How to respond when you’re thrown under the bus

Work relationships, like any relationship, can be difficult. Unlike our friends, we can’t pick our coworkers, and sometimes we simply don’t like the people we have to work with. People can be petty, mean, undermining and challenging. Case in point, a friend of mine shared with me that a coworker of hers criticized her and her work in an email to her boss and a colleague. She was very upset and wanted to know how to handle the situation.

When faced with challenging coworkers, it is incumbent on us to be the better person; to be civil in the face of incivility. Here are the steps I shared with my friend for handling being thrown under the bus by her associate.

Don’t react. Often our first impulse is to respond in an angry and/or defensive way to explain our side of things. Instead, take time to breath, calm down and think through the problem.

Consider your part. It usually takes two people to create friction. Ask yourself if you did anything to contribute to the situation. Did you exclude her from a meeting or work function? Did you ignore his requests for information or assistance on a project? Are you rude or unfriendly to this person? Is there any truth to what the complainer is saying? Thinking through how you may have contributed to the circumstance is probably one of the hardest steps to take when you have been wronged. But, it will help you get perspective and might lead to making some changes in how you interact with this person.

Talk to the offender. Often having a face to face conversation can help you reach a resolution or at least an understanding of why your coworker did what she did. When you do meet, don’t attack. Instead, seek first to understand. For example: “I am upset you sent that email and didn’t talk to me first. Is there a reason you choose to do that?” Try to listen with your full attention and don’t interrupt. Use I statements versus blaming or attacking – “I am angry you said those things about me” instead of “You’re such a jerk for sending that email.”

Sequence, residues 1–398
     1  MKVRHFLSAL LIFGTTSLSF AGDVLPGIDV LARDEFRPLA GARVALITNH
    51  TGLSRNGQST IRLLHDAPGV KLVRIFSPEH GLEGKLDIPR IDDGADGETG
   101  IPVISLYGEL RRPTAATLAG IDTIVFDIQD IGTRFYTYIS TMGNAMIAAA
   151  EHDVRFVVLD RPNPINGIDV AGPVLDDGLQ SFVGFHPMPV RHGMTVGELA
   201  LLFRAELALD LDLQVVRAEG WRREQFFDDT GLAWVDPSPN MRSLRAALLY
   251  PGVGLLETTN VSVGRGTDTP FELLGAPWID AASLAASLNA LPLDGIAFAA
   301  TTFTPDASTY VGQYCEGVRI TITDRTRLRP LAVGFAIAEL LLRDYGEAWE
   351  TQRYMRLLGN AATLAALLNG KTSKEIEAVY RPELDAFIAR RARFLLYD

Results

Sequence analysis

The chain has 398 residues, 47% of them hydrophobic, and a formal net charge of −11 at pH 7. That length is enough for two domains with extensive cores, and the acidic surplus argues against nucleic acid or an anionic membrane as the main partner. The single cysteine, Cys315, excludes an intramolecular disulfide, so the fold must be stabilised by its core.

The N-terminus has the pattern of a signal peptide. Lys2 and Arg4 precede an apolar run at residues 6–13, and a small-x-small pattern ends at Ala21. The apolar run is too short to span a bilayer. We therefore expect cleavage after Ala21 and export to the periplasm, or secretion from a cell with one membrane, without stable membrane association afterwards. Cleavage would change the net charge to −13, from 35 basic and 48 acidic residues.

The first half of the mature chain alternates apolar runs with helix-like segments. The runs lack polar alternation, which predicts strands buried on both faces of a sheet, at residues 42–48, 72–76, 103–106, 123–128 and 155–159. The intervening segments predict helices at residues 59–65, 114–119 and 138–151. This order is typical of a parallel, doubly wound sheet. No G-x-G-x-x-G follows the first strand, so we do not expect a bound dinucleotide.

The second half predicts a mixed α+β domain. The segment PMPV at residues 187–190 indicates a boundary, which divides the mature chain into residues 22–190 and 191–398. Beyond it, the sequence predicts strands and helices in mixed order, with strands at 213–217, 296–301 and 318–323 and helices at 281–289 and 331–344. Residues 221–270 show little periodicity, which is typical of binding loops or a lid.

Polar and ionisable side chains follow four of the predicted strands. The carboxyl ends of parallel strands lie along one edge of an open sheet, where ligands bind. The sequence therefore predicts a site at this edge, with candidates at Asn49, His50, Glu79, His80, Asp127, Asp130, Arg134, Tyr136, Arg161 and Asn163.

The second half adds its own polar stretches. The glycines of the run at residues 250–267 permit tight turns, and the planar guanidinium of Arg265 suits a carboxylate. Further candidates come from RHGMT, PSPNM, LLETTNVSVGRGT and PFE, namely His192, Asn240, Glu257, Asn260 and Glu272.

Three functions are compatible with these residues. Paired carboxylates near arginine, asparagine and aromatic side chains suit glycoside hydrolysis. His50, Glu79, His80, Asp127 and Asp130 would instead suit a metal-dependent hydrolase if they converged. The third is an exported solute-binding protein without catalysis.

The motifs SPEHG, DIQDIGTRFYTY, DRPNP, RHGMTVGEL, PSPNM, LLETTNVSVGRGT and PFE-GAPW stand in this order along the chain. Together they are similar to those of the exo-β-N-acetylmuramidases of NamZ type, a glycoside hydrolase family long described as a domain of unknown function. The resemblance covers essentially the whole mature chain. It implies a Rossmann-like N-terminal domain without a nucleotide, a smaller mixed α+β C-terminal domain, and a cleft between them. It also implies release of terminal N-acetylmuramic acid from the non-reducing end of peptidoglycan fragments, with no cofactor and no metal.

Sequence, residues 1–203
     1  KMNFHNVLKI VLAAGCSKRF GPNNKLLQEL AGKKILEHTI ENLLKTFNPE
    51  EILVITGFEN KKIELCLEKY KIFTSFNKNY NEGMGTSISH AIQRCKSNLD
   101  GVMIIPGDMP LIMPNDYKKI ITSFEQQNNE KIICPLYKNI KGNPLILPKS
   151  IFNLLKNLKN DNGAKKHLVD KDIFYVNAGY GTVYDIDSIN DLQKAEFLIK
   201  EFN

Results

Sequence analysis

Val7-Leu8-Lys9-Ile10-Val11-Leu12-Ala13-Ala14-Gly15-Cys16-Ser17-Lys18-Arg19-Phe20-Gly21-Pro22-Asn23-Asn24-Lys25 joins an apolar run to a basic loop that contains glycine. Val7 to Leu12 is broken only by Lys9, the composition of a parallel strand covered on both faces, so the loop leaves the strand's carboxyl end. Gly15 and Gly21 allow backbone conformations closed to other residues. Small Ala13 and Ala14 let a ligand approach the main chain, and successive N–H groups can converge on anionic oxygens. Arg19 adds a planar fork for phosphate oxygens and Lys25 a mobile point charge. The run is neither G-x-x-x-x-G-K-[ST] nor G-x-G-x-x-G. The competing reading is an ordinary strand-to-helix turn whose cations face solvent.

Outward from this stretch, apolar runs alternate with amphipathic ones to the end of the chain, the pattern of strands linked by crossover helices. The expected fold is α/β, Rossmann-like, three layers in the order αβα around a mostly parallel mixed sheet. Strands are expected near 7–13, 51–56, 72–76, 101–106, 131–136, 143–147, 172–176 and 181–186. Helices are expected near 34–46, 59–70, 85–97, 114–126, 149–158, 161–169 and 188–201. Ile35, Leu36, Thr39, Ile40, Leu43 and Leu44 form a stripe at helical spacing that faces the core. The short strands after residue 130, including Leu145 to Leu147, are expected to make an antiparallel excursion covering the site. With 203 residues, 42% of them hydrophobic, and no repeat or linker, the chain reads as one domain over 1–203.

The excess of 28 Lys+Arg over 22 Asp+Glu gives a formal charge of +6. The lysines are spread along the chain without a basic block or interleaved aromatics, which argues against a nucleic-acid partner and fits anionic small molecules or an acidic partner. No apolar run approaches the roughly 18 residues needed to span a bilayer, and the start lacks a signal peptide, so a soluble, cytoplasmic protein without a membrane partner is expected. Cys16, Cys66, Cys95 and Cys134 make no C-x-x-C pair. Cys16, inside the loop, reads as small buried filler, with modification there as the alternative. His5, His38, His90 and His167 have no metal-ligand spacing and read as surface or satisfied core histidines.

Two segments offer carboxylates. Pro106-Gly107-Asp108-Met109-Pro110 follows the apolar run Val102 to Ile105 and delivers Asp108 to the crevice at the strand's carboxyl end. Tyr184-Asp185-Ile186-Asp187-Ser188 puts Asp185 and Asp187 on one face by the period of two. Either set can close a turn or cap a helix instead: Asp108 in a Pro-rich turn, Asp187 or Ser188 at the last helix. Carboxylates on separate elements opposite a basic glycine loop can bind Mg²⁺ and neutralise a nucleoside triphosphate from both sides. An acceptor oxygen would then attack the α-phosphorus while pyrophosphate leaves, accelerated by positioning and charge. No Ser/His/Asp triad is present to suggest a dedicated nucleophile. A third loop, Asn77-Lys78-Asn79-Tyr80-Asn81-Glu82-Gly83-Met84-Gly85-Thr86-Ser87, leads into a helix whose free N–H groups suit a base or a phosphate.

Be a team player. Don’t attack this person or get defensive when you respond to the allegations whether via email or in person. If there is any truth to what the person said own it and apologize. Promise you will remedy the situation or do better in the future. If there isn’t any validity to what was said, state that there seems to be some miscommunication and suggest a meeting with the offender and your manager. Stay positive in the meeting and address anything that isn’t true without making the other person wrong. For example: “I disagree with what you said about… My experience was this…”

It’s challenging dealing with difficult coworkers, but avoid stooping to their level. Stay calm and be kind and courteous even when they aren’t. In the end you’ll be the better employee.

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Arden Clise is founder and president of Clise Etiquette. Her love for business etiquette began in previous jobs when she was frequently asked for etiquette, public speaking and business attire advice by executives and board members. The passion for etiquette took hold and compelled Arden to start a consulting business to help others. Read more >>

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